Waste and recycling, snow clearing, general duty and even construction work – a municipal fleet contains trucks and equipment of all shapes and sizes. All of those are tools that help the municipality do the best job possible for its citizens, but they come with a cost, both financially and environmentally.
With alternative fuel technology growing more efficient and less pricey all the time, when a municipal fleet has the opportunity to test-drive some options, it makes sense. That's what the City of Calgary is doing, thanks to some funding from a federal government program.
Federal funding kickstarts project
A grant from the Green Municipal Fund, through the government of Canada and the Federation of Canadian Municipalities, is making it possible for Calgary to purchase two new Class 8 refuse trucks – one battery electric and one hybrid – and trial them. The results could influence fleet purchases for both the refuse fleet as well as across the board.
"We have a significant complement of work trucks that are not the cleanest, and also need to run for a long period of time. Supporting a new green infrastructure and green vehicle options is driving the market – there hasn't been a significant push for these trucks," said Sharon Fleming, Calgary fleet services director.
A pilot project in Calgary provides some unique opportunities for manufacturers to place electric and hybrid vehicles in a challenging situation, Fleming noted, offering opportunities on both sides of the arrangement.
"We want to prove that these vehicles can work in our environment so we can, when ready, move forward on expanding our electric fleet in a way that makes the most impact for our environment," she said.
Reducing emissions is key
Reducing emissions has been a focus for the city, and is influencing purchasing decisions for the fleet, said manager of fleet operations Majid Asefi.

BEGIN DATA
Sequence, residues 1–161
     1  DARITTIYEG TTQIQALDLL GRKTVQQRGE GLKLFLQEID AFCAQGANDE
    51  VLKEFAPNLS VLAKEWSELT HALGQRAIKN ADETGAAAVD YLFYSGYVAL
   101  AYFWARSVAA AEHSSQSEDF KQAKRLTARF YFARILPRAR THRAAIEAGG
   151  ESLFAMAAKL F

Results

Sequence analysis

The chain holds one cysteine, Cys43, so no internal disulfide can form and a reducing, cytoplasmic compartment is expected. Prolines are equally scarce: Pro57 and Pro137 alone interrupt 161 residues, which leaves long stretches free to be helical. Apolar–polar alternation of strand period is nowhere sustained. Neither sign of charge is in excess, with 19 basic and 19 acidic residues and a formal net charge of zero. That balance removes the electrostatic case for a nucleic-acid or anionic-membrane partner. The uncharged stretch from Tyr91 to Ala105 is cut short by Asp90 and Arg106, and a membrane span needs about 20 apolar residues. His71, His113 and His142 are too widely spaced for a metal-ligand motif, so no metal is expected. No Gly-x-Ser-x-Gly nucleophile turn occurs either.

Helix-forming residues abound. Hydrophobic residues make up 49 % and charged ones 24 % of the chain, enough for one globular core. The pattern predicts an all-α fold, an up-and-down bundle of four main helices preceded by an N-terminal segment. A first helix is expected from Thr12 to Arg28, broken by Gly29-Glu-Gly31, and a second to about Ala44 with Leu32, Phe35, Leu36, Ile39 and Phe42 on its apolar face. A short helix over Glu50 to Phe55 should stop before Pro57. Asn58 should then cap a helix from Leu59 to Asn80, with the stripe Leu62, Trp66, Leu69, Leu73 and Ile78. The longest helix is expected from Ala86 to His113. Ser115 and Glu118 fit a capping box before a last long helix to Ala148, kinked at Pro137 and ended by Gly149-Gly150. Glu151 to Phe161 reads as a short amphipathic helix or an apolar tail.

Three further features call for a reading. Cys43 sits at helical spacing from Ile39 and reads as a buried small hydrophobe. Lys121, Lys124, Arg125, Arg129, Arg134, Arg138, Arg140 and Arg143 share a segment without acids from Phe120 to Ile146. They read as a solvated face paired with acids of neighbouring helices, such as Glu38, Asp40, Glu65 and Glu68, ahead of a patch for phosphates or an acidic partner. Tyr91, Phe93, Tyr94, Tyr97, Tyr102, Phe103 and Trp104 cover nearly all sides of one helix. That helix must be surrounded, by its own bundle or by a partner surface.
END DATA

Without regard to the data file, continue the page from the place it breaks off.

"We are looking for opportunities to reduce the environmental impact in terms of emissions," Asefi said. "In 2018 we commissioned a study and hired consultants to look at alternative fuels that included hybrid electric, compressed natural gas and biodiesel, among others."
Of the options, compressed natural gas was the least likely choice, according to Asefi, because of the significant infrastructure that would be required as well as the lower emissions reduction.
The current trajectory of electric vehicle technology suggests that the next few years are likely to see better and lower-cost options reach the market, and with most fleet vehicles on a roughly 10-year life cycle that means an opportunity to transition from the current diesel fleet straight to electric options in the future.
"The city is thinking in terms of a longer-term approach to lowering carbon emissions, and at the same time creating interest in the industry on the vocational side of trucks," Asefi said. "So the better choice medium- and long-term for the fleet was moving toward electrification, with some sort of strategy in the short- to medium-term for transition from fossil fuel to electric. We identified that to be, if it works in our operations, the combination of using B20 biofuel on the diesel side with hybrid technology."
That combination would reduce carbon emissions near term, save energy and bring the fleet closer to where its goals are over the next five to ten years of transition.
Refuse trucks a smart starting point
Refuse trucks make sense for the first step of the pilot, Asefi said, as the city has a fleet of automated side loaders and front loaders for a total of 268 Class 8 trucks. If the pilot proves successful, the potential to move electrification into other types of vehicles could be there. Asefi is particularly interested in the latter, as the city is using its dump trucks for multiple purposes, especially in the winter.
"Instead of using single-purpose unit, which were just sanding trucks, we are multipurposing them – we have the base truck, with components that go in the back of it so they can work year round," he said. "We're talking about sanding, anti-icing, flushing, cleaning and asphalt patching, and of course the dump truck is the base unit. It's five applications in one, so we're using the same chassis for all of that. Then, we're looking to move to electrify those chassis."
Construction equipment is another area that Calgary is looking at for electrification, potentially as early as this year, Asefi noted. The city runs everything from small skid-steers up to large loaders, and finding options for electrification is on the agenda.
"I think that toward the end of the year we're going to have our RPFs ready to go to market for those applications," he said.